Comment on Dr. Ervin Taylor: ‘A truly heroic crusade’ by Carl.
I understand better how you have reached your conclusions. You have a powerful bias that the Bible must be literal history, and that predisposition has driven much of your scientific thinking. What still mystifies me is that you attempt to take the open issues of science and use them as an argument that a short history is equally as believable (I think you claim more believable) as a long history. That is one huge leap.
I’ve read parts of your personal Web site, and it seems to me that you have failed to establish your points. In what you have written, I have found no compelling evidence to believe a short history. You do well in raising doubts about the standard model, but doubts on one side are not a convincing argument on the other side.
You do not have any detectable theory of how the earth could possibly come to be as it is within about 10,000 years. Your discussion above again misses the major issue. The evidence that is at odds with a short history is much greater than the evidence that is at odds with a long history. You have come nowhere close to showing otherwise. Ten thousand years is a very short period of time.
Recent Comments by Carl
These layers should have been washed away many times over by now. Thatâ€™s the problem.
Well — maybe. I’d say the real problem for your position is that no one has proposed a comprehensive model that can explain the evidence of geology within about 10,000 years. That is such a huge problem that I don’t know why we are talking about anything else. The evidence for life beyond 10,000 years is massive as compared to the few objections that Sean has collected.
Report on LSU constituency meeting
Here’s a link for Hammill’s interesting report:
Not found in Adventist literature.
Not found in Quiquinium voted documents.
So â€œgeneralâ€ as in you and a few of your closes friends?
How is that â€œgeneralâ€?
The Consultant Committee on Geoscience Research was terminated and a new emphasis was instituted for staff activities. Research tended to concentrate on selected areas where the data were most supportive of the 6,000-year biblical chronology of Bishop Ussher. Before long, the tacit policy arrived at in the 1950s during the General Conference presidency of W. H. Branson (to the effect that the 6,000-year chronology need not be emphasized in Seventh-day Adventist publications) was abandoned. (Richard Hammill, AAF Spectrum, Vol 15, No. 2 p 41)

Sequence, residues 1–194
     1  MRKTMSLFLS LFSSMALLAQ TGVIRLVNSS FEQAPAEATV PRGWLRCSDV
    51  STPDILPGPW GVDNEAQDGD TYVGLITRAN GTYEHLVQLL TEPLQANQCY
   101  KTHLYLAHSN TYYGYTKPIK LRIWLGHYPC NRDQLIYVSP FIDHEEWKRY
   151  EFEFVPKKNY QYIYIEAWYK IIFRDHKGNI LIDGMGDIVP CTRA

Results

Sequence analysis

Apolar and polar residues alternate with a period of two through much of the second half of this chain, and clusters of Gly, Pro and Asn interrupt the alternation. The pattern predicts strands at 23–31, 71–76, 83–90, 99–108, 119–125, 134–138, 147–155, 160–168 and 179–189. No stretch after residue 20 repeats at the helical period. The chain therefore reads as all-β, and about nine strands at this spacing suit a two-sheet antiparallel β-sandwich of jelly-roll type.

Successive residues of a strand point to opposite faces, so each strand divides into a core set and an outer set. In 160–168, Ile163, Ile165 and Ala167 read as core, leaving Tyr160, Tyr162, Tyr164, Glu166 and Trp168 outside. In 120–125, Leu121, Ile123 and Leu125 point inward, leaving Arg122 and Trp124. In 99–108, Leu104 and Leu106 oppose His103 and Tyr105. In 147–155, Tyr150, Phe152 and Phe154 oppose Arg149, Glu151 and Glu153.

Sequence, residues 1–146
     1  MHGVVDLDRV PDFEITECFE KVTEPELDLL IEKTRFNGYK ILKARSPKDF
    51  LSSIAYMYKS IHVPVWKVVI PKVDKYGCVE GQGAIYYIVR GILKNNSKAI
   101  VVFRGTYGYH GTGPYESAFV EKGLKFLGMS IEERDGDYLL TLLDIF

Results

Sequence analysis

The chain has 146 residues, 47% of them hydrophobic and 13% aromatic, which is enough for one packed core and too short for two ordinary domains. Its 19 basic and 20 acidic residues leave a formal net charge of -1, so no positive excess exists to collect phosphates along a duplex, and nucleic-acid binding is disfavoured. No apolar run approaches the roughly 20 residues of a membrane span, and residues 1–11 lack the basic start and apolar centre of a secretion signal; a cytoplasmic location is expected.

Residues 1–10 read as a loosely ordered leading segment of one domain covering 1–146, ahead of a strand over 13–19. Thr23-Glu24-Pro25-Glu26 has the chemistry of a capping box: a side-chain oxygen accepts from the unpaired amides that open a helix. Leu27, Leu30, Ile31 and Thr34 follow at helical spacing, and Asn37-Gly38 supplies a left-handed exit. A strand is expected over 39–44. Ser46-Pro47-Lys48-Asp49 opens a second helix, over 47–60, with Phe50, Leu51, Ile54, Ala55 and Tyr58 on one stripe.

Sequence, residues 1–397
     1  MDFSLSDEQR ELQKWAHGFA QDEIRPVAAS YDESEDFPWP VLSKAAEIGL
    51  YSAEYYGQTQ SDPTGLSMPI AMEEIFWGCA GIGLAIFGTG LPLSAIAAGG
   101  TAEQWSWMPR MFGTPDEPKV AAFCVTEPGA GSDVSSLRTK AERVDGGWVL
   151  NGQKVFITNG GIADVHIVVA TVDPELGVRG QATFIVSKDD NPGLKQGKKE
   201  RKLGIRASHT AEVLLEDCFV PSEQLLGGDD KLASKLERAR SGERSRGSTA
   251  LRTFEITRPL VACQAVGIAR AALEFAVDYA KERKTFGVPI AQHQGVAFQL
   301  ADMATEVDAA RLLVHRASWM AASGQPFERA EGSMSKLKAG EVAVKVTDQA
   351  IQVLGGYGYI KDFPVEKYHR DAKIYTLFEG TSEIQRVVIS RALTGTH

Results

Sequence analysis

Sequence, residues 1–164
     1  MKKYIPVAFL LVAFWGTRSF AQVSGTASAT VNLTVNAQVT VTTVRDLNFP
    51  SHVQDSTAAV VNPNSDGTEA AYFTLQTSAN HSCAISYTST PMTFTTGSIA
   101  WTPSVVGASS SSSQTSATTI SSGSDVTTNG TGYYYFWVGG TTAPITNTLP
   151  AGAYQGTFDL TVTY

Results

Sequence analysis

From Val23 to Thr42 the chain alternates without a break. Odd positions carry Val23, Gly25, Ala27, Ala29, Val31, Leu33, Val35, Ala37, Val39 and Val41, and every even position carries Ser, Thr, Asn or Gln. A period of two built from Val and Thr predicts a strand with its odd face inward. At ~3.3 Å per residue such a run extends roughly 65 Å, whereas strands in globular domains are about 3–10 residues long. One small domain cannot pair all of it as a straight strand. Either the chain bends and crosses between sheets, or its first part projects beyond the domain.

I did not know Dr Hammill personally, so, no, this wasn’t cooked up among my closest friends.
The theology department has preceded the sciences by some year in losing confidence in the Scriptures and in promoting belief in naturalism.
Here again is the suggestion that we must interpret Scripture literally or else we are “losing confidence” in them. I think it often works the other way around. By insisting on literal details, we can miss the most important point and make it more difficult to believe.
The tragedy of this Web site is that it thwarts the creative thinking that we need for dealing with modern science issues. It’s not an easy problem, and the success of this site will drive many thinking people into seclusion. That’s where we’ve been for decades.
In the 1950s, there was a general understanding that Adventist literature would not emphasize a 6000 year history. President Robert Pierson brought that to an end and set us on a path to avoid any science that we did not like. The result is that many Adventists are very suspicious of science and scientists.
If truth has nothing to fear from examination, which sometimes seems to be a Adventist assumption, I say it’s time to stop trying to fix LSU. Students are pretty good at figuring out who to believe. So, if you’re afraid to think out of the box, go where you’ll be told what to think. If you want think it out for yourself, go where the box has been opened.
I have little doubt that Geanna, Adventist Student, and many others will figure things out with or without the “help” of the reformers sponsoring and speaking on this site.
LSU promotes acceptance of homosexuality but not creation
It seems to me that the headline needs to be more accurate. There’s a difference between “promoting homosexuality” and “promoting acceptance of homosexuals.”